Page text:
Thursday, August 6, 2009

Budd Schulberg

Budd Schulberg, writer and screenwriter, dies at 95. He appeared in the documentary, Louise Brooks, Looking for Lulu.

Budd Schulberg was the son of film mogul B.P. Schulberg (and knew many early film stars), collaborated with F. Scott Fitzgerald, arrested the Nazi filmmaker Leni Riefenstahl, and wrote the screenplay for On the Waterfront and A Face in the Crowd. I will treasure my signed copy of his classic Hollywood novel, What Makes Sammy Run?

Be sure and check out the long New York Times obit at It includes a worthwhile, 17 minute video interview.

1 comment:

  1. Brooks the Rochesterian might have raised a long eyebrow at this: "In 1965 he founded the Douglass House Watts Writers Workshop in Los Angeles with the goal of encouraging black teenagers to write. He also founded the Frederick Douglass Creative Arts Center in New York [City] in 1971." Mention of the abolitionist resonates with Rochesterians because he lived in their city (1847-72) and is buried in its Mount Hope Cemetery (LB: Holy Sepulchre).*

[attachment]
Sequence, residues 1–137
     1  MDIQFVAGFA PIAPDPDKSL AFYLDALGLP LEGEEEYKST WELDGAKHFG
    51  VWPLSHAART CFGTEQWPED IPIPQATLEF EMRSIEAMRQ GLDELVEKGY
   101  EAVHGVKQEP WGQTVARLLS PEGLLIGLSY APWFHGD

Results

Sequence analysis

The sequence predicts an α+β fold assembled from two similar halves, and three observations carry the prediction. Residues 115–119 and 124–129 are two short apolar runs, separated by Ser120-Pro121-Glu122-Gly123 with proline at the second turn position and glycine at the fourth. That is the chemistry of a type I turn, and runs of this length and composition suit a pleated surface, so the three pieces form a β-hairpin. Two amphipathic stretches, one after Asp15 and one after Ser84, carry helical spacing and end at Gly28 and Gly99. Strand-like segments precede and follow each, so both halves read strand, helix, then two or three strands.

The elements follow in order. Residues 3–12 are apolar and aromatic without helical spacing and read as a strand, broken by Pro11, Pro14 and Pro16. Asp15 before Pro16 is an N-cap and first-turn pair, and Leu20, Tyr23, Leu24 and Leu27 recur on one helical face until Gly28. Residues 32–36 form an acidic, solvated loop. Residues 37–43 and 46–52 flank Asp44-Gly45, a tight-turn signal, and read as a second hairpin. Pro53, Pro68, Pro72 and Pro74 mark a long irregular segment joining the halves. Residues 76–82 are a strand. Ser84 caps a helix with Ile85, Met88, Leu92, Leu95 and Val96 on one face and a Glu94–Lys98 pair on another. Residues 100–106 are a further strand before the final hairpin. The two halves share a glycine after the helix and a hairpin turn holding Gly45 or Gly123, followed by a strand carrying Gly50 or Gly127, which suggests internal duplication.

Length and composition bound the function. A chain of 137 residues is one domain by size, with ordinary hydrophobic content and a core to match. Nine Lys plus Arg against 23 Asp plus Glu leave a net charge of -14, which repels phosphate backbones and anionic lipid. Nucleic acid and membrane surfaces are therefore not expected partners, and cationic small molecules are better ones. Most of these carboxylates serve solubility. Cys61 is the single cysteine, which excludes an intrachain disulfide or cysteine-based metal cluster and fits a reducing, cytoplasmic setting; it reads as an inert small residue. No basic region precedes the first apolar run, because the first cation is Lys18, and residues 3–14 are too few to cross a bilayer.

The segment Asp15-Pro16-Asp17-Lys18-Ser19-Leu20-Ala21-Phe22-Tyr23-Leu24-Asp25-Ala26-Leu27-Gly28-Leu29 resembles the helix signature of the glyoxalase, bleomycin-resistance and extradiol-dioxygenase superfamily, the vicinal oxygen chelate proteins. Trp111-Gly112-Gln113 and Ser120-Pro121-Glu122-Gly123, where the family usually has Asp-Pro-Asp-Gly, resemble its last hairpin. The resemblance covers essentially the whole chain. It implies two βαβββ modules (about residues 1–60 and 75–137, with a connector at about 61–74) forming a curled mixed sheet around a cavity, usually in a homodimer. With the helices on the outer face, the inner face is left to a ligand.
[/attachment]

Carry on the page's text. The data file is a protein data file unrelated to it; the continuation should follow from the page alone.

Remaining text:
James Card wrote in "The 'Intense Isolation' of Louise Brooks", SIGHT AND SOUND (Vol. 27, No. 5, Summer 1958, Dietrich and Welles on the cover): "Only Dostoievsky collaborating with Budd Schulberg could tell the story of Louise Brooks from 1930 to 1955."

    *In 2007 they named a bridge after Douglass and another famous resident, Susan B. Anthony. It's somewhat cavalierly referred to as the "Freddy-Sue" bridge ... causing some people to wish Giuseppe Verdi had made his mark in Rochester, and it could have been "Gius-Louise."


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